- Poorly constructed test items. These items may provide unintentional clues which may cause students to perform above their actual level of achievement. This lowers validity.
- Test items being inappropriate for the outcomes being measured lowers validity.
- Test being too short. If a test is too short, it does not provide a representative sample of the performance being interested in and this lowers validity.
- Improper arrangement of items. Placing difficult items in the beginning of the test may put some students off and cause them to become unstable thereby performing below their level of performance thus reducing validity.
- Identifiable pattern of answers. Placing the answers to tests like multiple-choice and true/false types enables students to guess the correct answers more easily and this lowers validity.
- When students cheat by copying answers or helping their friends with answers to test items, validity is reduced.
- Unreliable scoring. Scoring of test items especially essay tests may lower reliability if they are not scored reliably.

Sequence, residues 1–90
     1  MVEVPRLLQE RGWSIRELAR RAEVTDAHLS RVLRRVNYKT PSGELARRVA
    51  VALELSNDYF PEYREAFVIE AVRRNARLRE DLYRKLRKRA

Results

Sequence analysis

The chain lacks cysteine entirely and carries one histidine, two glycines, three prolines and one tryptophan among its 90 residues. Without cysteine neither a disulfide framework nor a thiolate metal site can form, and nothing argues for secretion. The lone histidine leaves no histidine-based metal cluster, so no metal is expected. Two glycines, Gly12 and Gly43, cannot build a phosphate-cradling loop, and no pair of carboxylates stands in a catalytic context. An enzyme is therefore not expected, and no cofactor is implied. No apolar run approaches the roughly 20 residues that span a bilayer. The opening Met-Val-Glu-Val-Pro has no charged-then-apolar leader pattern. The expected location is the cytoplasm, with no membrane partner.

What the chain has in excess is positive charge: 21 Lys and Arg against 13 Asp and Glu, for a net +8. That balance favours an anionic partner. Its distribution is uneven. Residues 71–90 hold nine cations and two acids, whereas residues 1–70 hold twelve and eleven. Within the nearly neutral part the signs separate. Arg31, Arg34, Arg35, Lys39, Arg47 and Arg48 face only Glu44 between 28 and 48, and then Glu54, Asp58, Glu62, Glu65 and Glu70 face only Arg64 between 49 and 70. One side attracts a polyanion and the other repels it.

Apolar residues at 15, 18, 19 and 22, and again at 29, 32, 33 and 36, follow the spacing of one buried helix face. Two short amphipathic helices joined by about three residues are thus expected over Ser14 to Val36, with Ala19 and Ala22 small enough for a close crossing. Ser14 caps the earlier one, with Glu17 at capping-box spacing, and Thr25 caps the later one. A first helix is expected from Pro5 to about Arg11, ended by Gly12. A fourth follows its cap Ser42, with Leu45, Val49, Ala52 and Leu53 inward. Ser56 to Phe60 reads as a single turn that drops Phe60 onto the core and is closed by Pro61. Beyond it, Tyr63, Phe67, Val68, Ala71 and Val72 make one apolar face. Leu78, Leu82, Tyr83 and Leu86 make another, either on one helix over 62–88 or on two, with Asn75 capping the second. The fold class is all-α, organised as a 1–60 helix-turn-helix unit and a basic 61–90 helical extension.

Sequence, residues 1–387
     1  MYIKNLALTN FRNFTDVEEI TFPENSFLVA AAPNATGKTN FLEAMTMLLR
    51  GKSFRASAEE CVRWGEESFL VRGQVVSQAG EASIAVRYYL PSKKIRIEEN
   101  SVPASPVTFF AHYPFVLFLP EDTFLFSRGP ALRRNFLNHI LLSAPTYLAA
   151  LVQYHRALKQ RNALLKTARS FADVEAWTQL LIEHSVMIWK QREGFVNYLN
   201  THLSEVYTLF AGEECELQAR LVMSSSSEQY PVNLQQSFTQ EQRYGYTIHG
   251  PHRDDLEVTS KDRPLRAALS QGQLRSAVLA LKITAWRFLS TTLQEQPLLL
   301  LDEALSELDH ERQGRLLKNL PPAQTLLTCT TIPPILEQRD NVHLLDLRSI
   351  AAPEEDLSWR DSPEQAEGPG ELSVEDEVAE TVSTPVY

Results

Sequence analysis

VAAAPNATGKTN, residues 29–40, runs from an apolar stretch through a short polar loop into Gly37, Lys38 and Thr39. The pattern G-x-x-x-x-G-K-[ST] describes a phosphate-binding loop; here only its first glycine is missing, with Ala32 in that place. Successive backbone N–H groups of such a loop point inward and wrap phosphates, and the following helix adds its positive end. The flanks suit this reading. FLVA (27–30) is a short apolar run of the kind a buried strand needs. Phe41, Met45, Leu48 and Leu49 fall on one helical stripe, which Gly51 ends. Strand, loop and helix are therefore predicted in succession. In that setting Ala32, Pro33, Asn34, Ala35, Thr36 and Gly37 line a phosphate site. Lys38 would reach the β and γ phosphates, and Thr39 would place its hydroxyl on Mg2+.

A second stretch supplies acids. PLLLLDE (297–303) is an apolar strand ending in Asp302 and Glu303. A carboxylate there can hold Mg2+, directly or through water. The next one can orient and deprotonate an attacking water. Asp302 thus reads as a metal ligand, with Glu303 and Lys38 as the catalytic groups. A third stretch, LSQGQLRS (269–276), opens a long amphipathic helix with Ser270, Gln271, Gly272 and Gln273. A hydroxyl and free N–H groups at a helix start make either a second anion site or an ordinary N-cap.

- Student emotional disturbances. These interfere with their performance thus reducing validity.
- Fear of the assessment situation. Students can be frightened by the assessment situation and are unable to perform normally. This reduces their actual level of performance and consequently, lowers validity.
Reliability is the degree of consistency of assessment results. It is the degree to which assessment results are the same when (1) the same tasks are completed on two different occasions (2) different but equivalent tasks are completed on the same or different occasions, and (3) two or more raters mark performance on the same tasks.